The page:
3. Order the suspension, dissolution, cancellation and revocation of the certificate of registration after due notice and hearing pursuant to the pertinent provisions of the Philippine Cooperative Code 2008 articles of cooperation;
  4. Develop and formulate, in consultation with the cooperative sector, appropriate performance standards to implement the Philippine Cooperative Code of 2008 to ensure the sound operation of cooperatives;
  5. Require the submission of annual reports, audited financial statements, and such reports in compliance with the Philippine Cooperative Code 2008 and its implementing rules and regulation, in such forms, number of copies and type of document as may be prescribed by the authority;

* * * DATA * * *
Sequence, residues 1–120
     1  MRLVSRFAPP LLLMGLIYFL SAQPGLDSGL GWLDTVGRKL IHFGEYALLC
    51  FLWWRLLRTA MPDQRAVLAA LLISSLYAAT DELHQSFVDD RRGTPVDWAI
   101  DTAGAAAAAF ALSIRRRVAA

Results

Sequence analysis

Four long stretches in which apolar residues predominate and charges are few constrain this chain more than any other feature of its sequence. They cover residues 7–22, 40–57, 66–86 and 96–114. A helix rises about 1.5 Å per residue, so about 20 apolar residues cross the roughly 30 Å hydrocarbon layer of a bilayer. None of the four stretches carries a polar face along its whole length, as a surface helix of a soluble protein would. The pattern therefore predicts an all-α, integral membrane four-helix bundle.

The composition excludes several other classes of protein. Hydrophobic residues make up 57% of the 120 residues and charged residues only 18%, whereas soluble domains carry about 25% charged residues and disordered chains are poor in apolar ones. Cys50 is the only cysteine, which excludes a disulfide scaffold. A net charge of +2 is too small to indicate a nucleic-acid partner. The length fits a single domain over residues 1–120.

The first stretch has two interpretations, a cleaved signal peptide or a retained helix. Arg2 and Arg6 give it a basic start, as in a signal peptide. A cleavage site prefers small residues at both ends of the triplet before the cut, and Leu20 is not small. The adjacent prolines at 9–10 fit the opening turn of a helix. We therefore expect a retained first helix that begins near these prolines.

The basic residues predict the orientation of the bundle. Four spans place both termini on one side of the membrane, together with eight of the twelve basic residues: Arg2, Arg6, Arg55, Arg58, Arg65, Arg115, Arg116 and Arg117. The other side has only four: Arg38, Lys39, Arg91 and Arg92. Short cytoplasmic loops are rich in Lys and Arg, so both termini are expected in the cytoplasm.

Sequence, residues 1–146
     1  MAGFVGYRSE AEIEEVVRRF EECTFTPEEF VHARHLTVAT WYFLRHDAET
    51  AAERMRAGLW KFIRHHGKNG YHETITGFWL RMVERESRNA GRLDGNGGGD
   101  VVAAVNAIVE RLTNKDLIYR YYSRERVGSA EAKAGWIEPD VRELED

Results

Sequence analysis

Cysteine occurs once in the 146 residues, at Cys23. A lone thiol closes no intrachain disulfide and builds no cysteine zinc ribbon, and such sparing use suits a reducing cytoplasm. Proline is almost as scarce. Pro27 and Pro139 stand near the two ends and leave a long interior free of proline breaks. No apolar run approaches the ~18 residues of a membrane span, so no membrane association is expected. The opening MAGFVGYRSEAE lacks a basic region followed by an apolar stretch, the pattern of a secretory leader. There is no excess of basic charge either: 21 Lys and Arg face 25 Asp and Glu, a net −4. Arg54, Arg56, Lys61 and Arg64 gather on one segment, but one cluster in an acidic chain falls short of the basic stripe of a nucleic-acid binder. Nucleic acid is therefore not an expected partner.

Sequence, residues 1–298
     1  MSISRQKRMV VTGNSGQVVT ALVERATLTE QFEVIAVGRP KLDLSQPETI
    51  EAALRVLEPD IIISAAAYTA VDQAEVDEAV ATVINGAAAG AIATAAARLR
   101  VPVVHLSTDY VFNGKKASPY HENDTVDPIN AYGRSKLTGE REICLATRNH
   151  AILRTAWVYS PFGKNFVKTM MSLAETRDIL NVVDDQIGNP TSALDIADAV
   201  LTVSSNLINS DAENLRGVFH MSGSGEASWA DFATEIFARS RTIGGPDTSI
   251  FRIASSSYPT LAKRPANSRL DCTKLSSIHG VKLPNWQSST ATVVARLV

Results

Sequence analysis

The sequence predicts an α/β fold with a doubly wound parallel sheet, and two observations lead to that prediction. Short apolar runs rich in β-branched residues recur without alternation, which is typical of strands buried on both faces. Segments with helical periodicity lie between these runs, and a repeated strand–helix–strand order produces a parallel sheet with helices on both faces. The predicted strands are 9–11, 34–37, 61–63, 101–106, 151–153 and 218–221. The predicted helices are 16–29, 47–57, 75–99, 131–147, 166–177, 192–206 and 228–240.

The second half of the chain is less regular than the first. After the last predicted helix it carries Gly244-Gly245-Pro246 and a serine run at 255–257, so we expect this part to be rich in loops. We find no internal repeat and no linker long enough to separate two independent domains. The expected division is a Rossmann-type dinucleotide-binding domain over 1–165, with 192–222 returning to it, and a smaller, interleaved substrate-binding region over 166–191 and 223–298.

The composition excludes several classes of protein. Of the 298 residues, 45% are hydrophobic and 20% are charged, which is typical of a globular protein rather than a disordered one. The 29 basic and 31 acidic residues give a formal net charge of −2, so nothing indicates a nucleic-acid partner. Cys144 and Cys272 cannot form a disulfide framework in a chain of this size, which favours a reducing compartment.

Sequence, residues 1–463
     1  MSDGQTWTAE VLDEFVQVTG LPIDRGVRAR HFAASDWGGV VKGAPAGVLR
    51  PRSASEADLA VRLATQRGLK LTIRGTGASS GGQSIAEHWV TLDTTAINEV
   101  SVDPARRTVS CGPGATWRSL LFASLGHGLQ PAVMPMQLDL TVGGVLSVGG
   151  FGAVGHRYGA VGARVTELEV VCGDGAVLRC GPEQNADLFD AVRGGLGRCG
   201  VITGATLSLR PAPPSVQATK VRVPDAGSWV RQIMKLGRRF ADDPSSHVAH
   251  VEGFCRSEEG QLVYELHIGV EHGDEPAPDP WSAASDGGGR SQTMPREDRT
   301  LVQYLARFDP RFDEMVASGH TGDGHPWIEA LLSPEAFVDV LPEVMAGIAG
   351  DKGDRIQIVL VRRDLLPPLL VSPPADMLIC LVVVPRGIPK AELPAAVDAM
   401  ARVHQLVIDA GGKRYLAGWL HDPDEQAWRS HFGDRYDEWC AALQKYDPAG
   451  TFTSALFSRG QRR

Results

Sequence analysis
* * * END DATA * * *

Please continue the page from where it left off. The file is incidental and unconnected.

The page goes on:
6. Conduct regular inspection or examination of a cooperative in accordance with rules and regulations promulgated by the authority and when necessary, conduct a special inspection and investigation to protect the interest and welfare of the members of cooperatives.
  7. Compel the cooperative to call a general assembly under the supervision of the authority, subject to the criteria or condition/s to be defined in the implementing rules and regulations issued for this purpose.

    In case a cooperative fails to call and conduct a general assembly, the authority shall, on its own, call a general assembly meeting to address and settle the issues. The authority may enlist the aid and support of an/or deputize any and all enforcement agencies of the government and federations and unions for the implementations of its orders;
  8. Impose sanctions for non- compliance with lawful orders, rules and regulations of the authority, including the articles of cooperation and the by-laws of the cooperative subject to conditions as defined in the implementing rules and regulations of this act;